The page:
Situation of anti-COVID control protesters worrisome
During his meeting with European Council President Charles Michel on December 1, 2022, President Xi Jinping tried to explain away the widespread protests against China’s “zero- Covid” policy by blaming the unrest on a few “frustrated” students. Soon after, China abruptly reversed course and relaxed all Covid controls without warning or preparation. Signs for Covid testing booths and public awareness posters were quickly removed without a trace. The app used to produce a green health code for individuals to enter shops, commute or travel, and to track close Covid contacts based on their phone signals was discontinued.
Despite Xi’s tone of understanding towards the protestors when speaking in public, many participants of the protests, including young students and professionals frustrated with the Covid restrictions, were subjected to coercive measures.
Reports of some protestors have been released or were released on bail (pending investigation 取保候审) emerged before the weekend of January 21, 2023, the eve of the Lunar New Year. However, many of these protesters are believed to still be in custody, and their whereabouts are unknown.
The whereabouts of Wu Yanan (吴亚楠), an associate professor of Philosophy at Tianjin Nankai University, remain unknown. Wu showed support for her students for expressing anger over the fatal Urumqi apartment fire. The university first tried to compel her to delete the messages she posted on social media. They then attempted to take her to a medical facility on December 13 to be diagnosed with mental health issues. Wu made her situation known by live-posting during the incident, but she soon lost all contact. Her posts on WeChat were removed except for a message posted on December 14 which claims she was overly paranoid and felt better after treatment. There have been no credible updates on her current status. Wu’s profile page remains on the university’s website.
Huang Hao (黄颢) and his wife, who is only identified by her online name “Pang Hu 胖虎”, were both taken on November 28, after participating in a gathering the night before in Chengdu, Sichuan. The couple were reportedly charged with “gathering a crowd to disturb the social order.” Although the families were able to obtain lawyers, visitation rights were reportedly denied and their whereabouts are unknown.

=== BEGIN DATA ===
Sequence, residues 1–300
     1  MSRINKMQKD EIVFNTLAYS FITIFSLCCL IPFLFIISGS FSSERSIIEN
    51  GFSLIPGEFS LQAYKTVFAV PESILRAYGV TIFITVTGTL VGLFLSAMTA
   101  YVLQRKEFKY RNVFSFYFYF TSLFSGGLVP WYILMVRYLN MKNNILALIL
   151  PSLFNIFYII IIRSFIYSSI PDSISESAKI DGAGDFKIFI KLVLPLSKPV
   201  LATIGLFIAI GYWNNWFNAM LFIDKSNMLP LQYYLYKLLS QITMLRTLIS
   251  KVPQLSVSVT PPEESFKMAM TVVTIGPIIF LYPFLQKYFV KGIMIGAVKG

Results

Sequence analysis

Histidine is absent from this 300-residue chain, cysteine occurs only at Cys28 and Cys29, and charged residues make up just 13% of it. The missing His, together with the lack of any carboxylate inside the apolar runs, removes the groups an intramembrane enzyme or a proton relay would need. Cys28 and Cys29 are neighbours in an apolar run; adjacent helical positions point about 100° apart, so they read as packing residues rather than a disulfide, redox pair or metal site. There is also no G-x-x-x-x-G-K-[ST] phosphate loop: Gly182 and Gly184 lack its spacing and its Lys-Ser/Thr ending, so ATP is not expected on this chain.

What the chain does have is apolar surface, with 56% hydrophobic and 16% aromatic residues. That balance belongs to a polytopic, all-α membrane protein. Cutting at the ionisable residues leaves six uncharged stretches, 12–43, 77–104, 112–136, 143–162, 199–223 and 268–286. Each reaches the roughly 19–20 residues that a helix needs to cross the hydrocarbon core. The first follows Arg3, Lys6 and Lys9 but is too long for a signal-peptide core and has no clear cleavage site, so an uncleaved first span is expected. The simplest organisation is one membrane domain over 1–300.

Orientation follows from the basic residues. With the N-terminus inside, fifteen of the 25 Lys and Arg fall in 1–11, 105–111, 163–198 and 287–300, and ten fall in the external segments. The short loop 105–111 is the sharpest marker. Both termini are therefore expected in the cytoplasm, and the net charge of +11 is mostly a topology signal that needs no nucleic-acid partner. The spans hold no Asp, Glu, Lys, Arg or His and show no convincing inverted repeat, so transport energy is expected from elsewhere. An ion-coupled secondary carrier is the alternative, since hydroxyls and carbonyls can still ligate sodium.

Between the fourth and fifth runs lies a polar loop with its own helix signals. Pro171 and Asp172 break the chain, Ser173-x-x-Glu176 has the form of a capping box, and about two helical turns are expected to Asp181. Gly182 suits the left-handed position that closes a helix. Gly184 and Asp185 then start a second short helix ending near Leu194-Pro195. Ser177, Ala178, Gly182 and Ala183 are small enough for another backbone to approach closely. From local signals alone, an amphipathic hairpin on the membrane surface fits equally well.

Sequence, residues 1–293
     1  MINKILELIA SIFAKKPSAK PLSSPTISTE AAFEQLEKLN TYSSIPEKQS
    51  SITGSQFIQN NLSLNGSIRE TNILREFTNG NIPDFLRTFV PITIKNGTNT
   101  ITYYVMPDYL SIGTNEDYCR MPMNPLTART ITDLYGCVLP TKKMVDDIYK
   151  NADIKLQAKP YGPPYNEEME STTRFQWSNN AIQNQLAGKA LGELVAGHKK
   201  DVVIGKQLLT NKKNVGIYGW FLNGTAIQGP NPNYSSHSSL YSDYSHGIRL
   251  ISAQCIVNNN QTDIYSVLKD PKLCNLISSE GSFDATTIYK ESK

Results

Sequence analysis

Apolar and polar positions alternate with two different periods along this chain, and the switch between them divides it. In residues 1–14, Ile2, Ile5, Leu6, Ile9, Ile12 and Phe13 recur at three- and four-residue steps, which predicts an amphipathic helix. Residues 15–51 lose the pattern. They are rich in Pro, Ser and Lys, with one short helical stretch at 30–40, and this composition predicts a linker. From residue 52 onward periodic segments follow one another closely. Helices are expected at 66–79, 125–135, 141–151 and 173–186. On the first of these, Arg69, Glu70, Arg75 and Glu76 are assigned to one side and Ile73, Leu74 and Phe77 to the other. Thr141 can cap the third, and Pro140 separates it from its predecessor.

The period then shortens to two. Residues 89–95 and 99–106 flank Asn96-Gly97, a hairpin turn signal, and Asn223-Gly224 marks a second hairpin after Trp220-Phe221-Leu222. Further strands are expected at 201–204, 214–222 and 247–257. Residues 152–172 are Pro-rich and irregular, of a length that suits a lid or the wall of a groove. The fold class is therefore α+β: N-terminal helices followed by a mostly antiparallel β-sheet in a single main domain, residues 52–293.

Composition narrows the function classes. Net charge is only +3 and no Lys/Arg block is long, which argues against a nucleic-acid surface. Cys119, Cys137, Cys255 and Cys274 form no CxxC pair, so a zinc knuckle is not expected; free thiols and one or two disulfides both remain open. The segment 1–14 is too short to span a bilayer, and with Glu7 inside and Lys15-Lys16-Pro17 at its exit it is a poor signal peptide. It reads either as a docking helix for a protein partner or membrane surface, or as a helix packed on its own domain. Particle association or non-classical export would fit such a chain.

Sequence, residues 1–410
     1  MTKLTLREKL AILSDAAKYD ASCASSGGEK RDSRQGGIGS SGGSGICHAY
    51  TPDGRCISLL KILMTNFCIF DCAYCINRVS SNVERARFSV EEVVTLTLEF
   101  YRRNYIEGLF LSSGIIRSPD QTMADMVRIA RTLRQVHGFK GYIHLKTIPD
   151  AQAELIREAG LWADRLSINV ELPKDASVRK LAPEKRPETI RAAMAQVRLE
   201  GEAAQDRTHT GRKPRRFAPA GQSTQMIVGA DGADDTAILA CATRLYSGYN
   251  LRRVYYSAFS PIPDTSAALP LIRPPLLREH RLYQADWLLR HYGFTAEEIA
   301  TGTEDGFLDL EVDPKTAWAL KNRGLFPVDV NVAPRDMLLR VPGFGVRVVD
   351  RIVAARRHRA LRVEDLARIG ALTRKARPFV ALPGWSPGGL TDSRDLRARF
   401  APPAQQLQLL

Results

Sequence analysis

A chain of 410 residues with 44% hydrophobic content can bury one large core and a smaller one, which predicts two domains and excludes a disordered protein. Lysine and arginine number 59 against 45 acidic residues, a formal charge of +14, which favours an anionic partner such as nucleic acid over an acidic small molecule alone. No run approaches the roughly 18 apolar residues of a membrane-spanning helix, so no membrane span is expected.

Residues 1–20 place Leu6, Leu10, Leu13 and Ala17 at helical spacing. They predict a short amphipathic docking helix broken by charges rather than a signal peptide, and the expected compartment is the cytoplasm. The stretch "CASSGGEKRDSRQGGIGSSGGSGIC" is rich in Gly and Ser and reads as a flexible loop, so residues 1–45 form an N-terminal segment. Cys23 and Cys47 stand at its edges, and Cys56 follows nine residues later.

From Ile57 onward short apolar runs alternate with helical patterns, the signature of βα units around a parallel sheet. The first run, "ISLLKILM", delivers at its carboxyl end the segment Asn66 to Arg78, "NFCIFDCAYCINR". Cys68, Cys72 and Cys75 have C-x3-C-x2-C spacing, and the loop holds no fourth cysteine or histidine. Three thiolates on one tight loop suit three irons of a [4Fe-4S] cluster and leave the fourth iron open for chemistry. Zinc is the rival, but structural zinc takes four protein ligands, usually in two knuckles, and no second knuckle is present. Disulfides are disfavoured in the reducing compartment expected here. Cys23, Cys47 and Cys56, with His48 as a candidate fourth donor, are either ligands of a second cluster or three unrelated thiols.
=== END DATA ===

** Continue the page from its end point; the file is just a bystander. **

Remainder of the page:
A young man named Cao Yuan (曹原 or 曹源) was reportedly taken from Shanghai by Beijing police on January 6.
Young protesters have also called for help online. Cao Zhixin (曹芷馨), an editor at the Peking University Press, pre-recorded a video after four of her friends were detained. Afraid that she too might disappear without a trace, Cao asked trusted people to post the video in the event of her arrest. Her fear became a reality at the end of 2022. Like many young Chinese who were saddened by the Urumqi fire and angered by the “zero-Covid” policy, Cao and some friends attended a vigil in Beijing at the bank of Liangma River on the evening of November 27. According to Cao’s video, she and five her friends were initially summoned by police on November 30 but released 24 hours later after they were “educated by police but deemed to have not committed crimes.” However, the police began taking her friends into criminal detention after December 18. Cao claims her friends were asked to sign detention notice forms, on which the crime and dates were left blank. The police also refused to disclose the locations of their detention to the families. On December 24, Cao was also placed under criminal detention. The whereabouts of Cao, Li Yuanjing (李元婧), Zhai Dengrui (翟登瑞 or 翟登蕊 ), and Li Siqi (李思琪) are unknown. On January 15, 2023, a YouTube account was created, and a slightly edited version of Cao’s video was uploaded; Yang Liu (杨柳) was reportedly released on bail. The sixth person might have been Lin Qian (林倩), who didn’t attend the vigil but was taken with Li Yuanjing because the two are roommates. Lin was reportedly released on bail for the second time before January 21. She was initially released on December 18 when she tested positive for Covid.
More information emerged concerning another young woman named Li Chaorang (李超然), who help Lin Qian post bail after her first detainment and took her home until Lin was placed in custody for the second time. Friends of Li said she lost contact with them on January 6, 2023, and is likely to have been arrested.